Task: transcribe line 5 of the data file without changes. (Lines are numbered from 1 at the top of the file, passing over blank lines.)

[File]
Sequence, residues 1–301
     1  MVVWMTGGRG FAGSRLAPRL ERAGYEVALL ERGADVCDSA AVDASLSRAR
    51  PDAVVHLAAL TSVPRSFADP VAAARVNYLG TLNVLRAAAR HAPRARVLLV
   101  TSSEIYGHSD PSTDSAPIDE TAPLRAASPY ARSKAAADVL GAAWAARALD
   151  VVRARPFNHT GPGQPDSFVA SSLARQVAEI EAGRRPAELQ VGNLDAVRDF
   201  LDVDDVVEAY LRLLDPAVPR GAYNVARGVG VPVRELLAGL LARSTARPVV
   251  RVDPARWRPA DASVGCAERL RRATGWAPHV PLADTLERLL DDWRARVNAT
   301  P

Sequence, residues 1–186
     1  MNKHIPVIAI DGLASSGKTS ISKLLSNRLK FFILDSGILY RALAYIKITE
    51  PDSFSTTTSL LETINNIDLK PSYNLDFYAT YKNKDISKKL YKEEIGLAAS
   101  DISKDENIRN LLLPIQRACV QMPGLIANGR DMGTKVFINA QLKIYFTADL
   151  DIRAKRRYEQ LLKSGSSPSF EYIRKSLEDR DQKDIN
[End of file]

   151  VVRARPFNHT GPGQPDSFVA SSLARQVAEI EAGRRPAELQ VGNLDAVRDF